“Biotechnology companies of concern” also include (1) any other entity that is “subject to the jurisdiction, direction, control, or operates on behalf of the government of a foreign adversary,” (2) is involved “in the manufacturing, distribution, provision, or procurement of a biotechnology equipment or service,” and (3) poses a risk to the national security of the United States. The Act uses the definition of “foreign adversary” as set forth in 10 U.S.C. Section 4872(d), which includes: PRC, Russian Federation, Democratic People’s Republic of North Korea, and Islamic Republic of Iran.

Entities that pose a risk to U.S. national security are:

  • engaging in joint research with, being supported by, or being affiliated with a foreign adversary’s military, internal security forces, or intelligence agencies;
  • providing multiomic data (i.e., data types that include genomics, epigenomics, transcriptomics, proteomics, and metabolomics) obtained via biotechnology equipment or services to the government of a foreign adversary; or
  • obtaining human multiomic data via the biotechnology equipment or services without express and informed consent.

The Act defines “biotechnology equipment or service” to include:

  • equipment such as genetic sequencers, mass spectrometers, polymerase chain reaction machines, or other instruments (including accessories and components) that is designed for use in the research, development, production or analysis of biological materials;
  • software, firmware, or other digital components specifically for use in and necessary of the operation of the equipment; and
  • service for the research, development, production, analysis, detection, or provision of information, including data storage and transmission related to biological materials.

Waivers and exceptions

The Act provides for certain waivers to the prohibitions to be determined on a case-by-case basis and exempts from the Act authorized intelligence activities of the United States, or the acquisition or provision of health care services overseas for employees (including the military), contractors, or subcontractors of the United States and commercially or publicly available human multiomic data.

Additional action targeting biotechnology companies of concern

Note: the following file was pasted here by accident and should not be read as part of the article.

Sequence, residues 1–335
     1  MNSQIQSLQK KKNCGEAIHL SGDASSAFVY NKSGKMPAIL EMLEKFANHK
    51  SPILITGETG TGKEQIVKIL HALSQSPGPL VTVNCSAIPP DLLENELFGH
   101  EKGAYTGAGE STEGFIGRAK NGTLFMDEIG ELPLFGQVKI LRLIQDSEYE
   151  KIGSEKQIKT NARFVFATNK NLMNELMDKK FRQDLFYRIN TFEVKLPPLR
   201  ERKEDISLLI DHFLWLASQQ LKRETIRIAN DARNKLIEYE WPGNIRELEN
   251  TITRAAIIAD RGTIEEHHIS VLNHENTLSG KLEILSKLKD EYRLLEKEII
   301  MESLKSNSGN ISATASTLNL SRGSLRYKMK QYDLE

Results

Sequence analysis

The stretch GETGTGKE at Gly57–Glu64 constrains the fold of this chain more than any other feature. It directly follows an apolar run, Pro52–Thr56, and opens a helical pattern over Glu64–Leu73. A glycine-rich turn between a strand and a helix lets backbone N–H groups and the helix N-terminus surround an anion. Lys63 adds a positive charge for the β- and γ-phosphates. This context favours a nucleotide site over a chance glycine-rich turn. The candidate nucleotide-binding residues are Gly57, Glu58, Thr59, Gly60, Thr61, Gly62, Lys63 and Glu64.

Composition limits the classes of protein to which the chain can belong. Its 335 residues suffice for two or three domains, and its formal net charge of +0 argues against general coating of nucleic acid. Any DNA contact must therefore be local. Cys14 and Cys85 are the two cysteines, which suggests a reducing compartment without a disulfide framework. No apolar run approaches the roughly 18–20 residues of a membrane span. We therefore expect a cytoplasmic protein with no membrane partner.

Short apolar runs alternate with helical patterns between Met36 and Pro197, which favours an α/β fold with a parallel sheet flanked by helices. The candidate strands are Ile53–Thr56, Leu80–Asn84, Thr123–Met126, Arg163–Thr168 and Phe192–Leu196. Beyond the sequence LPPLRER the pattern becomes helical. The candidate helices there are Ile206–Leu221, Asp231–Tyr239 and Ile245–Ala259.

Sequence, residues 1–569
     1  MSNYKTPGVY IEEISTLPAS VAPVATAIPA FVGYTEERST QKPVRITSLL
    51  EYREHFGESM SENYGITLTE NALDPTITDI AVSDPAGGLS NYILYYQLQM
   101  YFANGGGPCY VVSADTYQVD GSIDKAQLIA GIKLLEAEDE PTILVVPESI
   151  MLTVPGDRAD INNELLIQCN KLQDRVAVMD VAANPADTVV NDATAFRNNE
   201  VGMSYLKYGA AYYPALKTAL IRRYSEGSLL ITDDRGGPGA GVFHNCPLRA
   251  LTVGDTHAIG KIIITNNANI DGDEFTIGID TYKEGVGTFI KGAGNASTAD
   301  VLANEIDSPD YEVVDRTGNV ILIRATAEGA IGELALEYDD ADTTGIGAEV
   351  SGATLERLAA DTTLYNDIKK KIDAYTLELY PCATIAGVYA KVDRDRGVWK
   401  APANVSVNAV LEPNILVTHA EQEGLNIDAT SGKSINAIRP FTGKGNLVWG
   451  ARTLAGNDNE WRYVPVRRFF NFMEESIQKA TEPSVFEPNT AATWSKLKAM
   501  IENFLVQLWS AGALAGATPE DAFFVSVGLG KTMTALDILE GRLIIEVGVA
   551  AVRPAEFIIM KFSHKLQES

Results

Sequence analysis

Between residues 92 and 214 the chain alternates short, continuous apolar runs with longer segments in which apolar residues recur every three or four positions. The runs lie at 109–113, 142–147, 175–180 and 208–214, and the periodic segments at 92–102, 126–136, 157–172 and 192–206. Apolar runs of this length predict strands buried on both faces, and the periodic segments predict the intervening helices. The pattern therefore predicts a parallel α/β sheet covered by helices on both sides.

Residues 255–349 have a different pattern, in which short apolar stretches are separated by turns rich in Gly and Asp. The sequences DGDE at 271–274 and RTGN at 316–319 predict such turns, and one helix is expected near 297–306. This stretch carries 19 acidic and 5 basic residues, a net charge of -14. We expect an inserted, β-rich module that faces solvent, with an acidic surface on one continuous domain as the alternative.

On February 12, 2024, Rep. Gallagher, Rep. Krishnamoorthi, Sen. Peters, and Sen. Hagerty signed a letter to the secretaries of the U.S. Department of Defense, Commerce, and Treasury, urging the agencies to investigate another named company – WuXi Apptec and its subsidiary, WuXi Biologics.

While WuXi Apptec was previously added to Commerce’s Unverified List in February 2022, it was removed in December 2022. Parties listed on the Unverified List “are ineligible to receive items subject to the Export Administration Regulations . . . by means of a license exception.” The letter encourages agencies to add the entities to their respective control lists citing to close affiliations between WuXi Apptec, the PRC, and the PLA.

On February 5, 2024, Rep. Krishnamoorthi discussed lawmakers’ concern that Chinese biotechnology companies, such as BGI Group, can misuse U.S. persons’ genetic data. He also mentioned that Congressional legislation targeting outbound investment could expand to include the biotechnology sector.

Next steps

For further information or assistance regarding the Act, please contact any of the Hogan Lovells attorneys identified below.



Authored by Ajay Kuntamukkala, Timothy Bergreen, Ashley Roberts, Ari Fridman, and Cassady Cohick.

Ajay Kuntamukkala
Washington, D.C.
Tim Bergreen
Washington, D.C.
Beth Peters
Washington, D.C.
Stephen Propst
Washington, D.C.
Anthony Capobianco
Washington, D.C.
Aleksandar Dukic
Washington, D.C.
Brian Curran
Washington, D.C.
Ben Kostrzewa
Foreign Legal Consultant
Hong Kong
Josh Gelula
Washington, D.C.
Ashley Roberts
Washington, D.C.